Explanation of Vote: A/HRC/26/L.22/Rev.1 on BHR Legally-Binding Instrument
Statement by the Delegation of the United States of America
UN Human Rights Council – 26th Session
Delivered by Stephen Townley
Geneva, June 26, 2014
Thank you, Mr. President.
We are extremely disappointed with the decision by Ecuador and South Africa to table this resolution.
We regret they have decided to proceed to action now, as we heard this morning that the core group on Business and Human Rights, consisting of Argentina, Russia, Norway, and Ghana, remains interested in seeking a consensus solution to the debates we have had at this session.
Indeed, as we understand it, the core group has proposed to the main sponsors of this resolution the establishment of an intergovernmental expert group, an idea that might have enjoyed consensus and made a meaningful difference, but which was rejected out of hand.
This action contradicts the consensus-based approach of John Ruggie’s mandate and the first few years of the UN Guiding Principles.
It will unduly polarize these issues, taking us back ten years to the days of the Commission on Human Rights.
We have not given states adequate time and space to implement the Guiding Principles.
Despite that lack of time, the Principles have already made a meaningful difference in raising standards across industry, promoting responsible investment, and encouraging further collaboration among stakeholders.
They have also helped to create a level playing field for companies.
Furthermore, individual states have taken a variety of steps in implementing the Guiding Principles to prevent corporate involvement in human rights abuses.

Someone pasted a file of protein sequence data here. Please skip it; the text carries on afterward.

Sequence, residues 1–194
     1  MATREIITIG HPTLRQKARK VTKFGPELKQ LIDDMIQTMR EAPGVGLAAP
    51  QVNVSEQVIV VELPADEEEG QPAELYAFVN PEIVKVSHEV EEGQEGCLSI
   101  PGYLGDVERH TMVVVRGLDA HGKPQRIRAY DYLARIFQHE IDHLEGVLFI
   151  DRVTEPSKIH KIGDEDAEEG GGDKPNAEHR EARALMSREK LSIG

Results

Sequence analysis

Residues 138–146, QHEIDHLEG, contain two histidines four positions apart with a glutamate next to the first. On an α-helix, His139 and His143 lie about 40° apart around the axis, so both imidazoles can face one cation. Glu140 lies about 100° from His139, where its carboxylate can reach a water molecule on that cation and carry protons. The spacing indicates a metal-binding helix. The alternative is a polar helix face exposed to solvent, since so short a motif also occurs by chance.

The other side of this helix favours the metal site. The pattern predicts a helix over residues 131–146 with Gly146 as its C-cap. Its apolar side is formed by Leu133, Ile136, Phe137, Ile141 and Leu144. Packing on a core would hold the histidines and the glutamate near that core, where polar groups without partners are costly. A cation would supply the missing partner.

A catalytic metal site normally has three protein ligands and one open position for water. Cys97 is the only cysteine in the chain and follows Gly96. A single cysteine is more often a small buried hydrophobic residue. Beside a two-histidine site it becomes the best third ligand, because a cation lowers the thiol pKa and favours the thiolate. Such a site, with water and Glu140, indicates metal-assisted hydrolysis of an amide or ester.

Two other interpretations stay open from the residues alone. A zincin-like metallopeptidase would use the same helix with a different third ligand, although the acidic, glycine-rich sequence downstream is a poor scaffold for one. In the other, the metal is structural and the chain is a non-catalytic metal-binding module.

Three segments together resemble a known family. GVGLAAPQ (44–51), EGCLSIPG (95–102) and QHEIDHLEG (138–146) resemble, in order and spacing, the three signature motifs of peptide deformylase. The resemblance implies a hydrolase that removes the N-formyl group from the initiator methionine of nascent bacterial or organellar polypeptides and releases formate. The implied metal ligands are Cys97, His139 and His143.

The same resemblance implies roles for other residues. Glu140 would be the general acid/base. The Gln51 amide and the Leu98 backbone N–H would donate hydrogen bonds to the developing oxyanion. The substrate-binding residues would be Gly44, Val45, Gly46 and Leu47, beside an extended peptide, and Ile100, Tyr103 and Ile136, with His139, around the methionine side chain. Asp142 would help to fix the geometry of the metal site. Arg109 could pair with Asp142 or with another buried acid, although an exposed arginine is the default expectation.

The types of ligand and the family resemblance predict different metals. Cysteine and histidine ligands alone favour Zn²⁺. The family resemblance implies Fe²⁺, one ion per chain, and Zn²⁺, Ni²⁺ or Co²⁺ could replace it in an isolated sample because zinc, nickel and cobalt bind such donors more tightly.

The Guiding Principles are a success, although they are only three years old.
Indeed, while we share and appreciate the concerns expressed by some delegations and civil society colleagues that we need to do more to improve access to remedy for victims of business-related human rights abuses, our concern is that this initiative will have exactly the opposite effect.
First, this resolution is a threat to the Guiding Principles themselves.
To be clear, it is not complementary to the resolution to be offered by the Business and Human Rights core group.
The proposed Intergovernmental Working Group will create a competing initiative, which will undermine efforts to implement the Guiding Principles.
The focus will turn to the new instrument, and companies, states, and others are unlikely to invest significant time and money in implementing the Guiding Principles if they see divisive discussions here in Geneva.
Second, on the substance, this initiative is unlikely to address the concerns that animate calls for a legally binding instrument, as a one-size-fits-all instrument is not the right approach to handling the complex fabric that is regulation of business.
It also would only be binding on the states that became party to it.
The IGWG will not benefit from the necessary and important voices of key stakeholders, including the private sector.
The United States will not participate in this IGWG, and we encourage others to do the same.
There are also a host of practical questions about how an internationally binding instrument would apply to corporations, which are not subjects of international law, and how states would implement such an instrument.
For one thing, we heard one of the sponsors during informals that it wishes to apply legal obligations directly to businesses, which are non-state actors.
What precedent will this set? Second, we see in this resolution an effort to define certain businesses.
How will this create a coherent set of legal rules if there are exceptions to what purports to be a human rights instrument?
For all these reasons, and because the main sponsors of this initiative did not appear to wish to have a consensus solution, we request a vote on this text and will vote no.
We urge others to do likewise.
Thank you, Mr. President.